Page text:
Hip-hop artist Rhymefest stresses collective change

Che+%22Rhymefest%22+Smith+speaks+in+the+IMU+Main+Lounge+on+Tuesday%2C+Jan.+16%2C+2017.+Smith%27s+keynote+address+was+part+of+the+2018+MLK+Celebration+of+Human+Rights+Week.+%28Lily+Smith%2FThe+Daily+Iowan%29
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Hip-hop artist Rhymefest stresses collective change

Che

Che "Rhymefest" Smith speaks in the IMU Main Lounge on Tuesday, Jan. 16, 2017. Smith's keynote address was part of the 2018 MLK Celebration of Human Rights Week. (Lily Smith/The Daily Iowan)

Lily Smith

Che "Rhymefest" Smith speaks in the IMU Main Lounge on Tuesday, Jan. 16, 2017. Smith's keynote address was part of the 2018 MLK Celebration of Human Rights Week. (Lily Smith/The Daily Iowan)

Lily Smith

Lily Smith

Che "Rhymefest" Smith speaks in the IMU Main Lounge on Tuesday, Jan. 16, 2017. Smith's keynote address was part of the 2018 MLK Celebration of Human Rights Week. (Lily Smith/The Daily Iowan)

Christopher Borro, [email protected]

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Che “Rhymefest” Smith visited the IMU on Tuesday evening to discuss how hip-hop and collectivity can enable social change, praising the music style for its ability to transcend cultural differences and unite people around the world.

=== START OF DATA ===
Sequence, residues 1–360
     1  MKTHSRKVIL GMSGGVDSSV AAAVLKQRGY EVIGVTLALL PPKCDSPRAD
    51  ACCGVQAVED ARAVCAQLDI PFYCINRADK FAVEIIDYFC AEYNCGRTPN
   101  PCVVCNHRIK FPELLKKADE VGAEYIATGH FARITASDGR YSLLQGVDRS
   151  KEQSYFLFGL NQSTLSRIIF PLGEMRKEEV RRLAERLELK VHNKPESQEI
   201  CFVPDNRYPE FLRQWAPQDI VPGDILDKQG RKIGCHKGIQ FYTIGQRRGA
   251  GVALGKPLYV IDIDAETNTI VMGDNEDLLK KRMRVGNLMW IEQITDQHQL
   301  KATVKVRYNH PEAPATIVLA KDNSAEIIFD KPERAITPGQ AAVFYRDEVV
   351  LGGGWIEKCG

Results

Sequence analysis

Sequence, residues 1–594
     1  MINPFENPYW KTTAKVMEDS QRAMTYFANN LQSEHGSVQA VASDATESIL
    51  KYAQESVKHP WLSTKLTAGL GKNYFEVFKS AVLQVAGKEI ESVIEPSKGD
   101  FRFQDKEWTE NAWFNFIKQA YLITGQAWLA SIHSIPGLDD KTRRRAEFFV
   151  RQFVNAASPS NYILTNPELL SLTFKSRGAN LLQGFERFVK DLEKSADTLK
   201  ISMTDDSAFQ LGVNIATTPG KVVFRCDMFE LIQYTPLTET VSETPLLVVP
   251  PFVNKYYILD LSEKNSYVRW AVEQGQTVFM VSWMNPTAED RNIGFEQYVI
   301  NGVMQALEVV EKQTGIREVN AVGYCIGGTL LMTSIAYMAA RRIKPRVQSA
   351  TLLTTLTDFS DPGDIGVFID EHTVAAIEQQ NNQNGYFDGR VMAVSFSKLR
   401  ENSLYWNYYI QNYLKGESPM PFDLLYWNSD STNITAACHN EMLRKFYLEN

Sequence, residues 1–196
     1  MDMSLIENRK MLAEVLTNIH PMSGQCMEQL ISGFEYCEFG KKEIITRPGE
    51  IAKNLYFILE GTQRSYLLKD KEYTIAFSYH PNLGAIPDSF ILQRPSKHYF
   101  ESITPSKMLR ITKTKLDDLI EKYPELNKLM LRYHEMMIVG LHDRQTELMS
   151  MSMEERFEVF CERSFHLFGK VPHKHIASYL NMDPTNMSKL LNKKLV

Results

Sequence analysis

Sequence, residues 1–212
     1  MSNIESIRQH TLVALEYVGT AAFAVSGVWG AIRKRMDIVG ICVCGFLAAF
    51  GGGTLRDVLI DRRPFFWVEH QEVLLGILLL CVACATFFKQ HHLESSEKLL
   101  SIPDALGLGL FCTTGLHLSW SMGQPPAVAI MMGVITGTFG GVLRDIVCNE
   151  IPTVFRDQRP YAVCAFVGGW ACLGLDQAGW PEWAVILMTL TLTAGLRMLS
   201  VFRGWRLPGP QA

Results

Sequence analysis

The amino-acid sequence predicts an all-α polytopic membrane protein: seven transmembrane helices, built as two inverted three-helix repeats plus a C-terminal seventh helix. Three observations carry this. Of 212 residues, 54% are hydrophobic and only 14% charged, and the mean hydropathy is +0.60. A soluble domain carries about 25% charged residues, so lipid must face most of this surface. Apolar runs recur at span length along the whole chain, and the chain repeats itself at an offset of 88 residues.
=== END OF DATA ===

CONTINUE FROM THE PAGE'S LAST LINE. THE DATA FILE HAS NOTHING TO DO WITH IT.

“We always looked at music as a way to make communal change, just like Dr. King,” he said.

After King’s assassination, he said, it was a long time before people could make music that focused on issues besides civil rights and the Vietnam War.

He praised hip-hop for its inclusivity. “Hip-hop has gone global, taught people how to dress, and dance, and think, because it … isn’t controlled by the system. Hip-hop is a worldwide revolution,” he said.

During his speech as the keynote speaker for the UI Martin Luther King Week, Smith, a charity founder, political activist, and musical artist, talked politics and promoted ideals of collectivity and the power of the written and spoken word.

He also discussed experiences that affected him throughout his life, and recent and upcoming film projects that he’s a part of, including *In My Father’s House*, the story of how he reconnected with his estranged father after discovering the latter had been homeless for more t han three decades.

“You start healing by loving, and forgiving, and searching for different pieces of yourself in different places,” Smith said.

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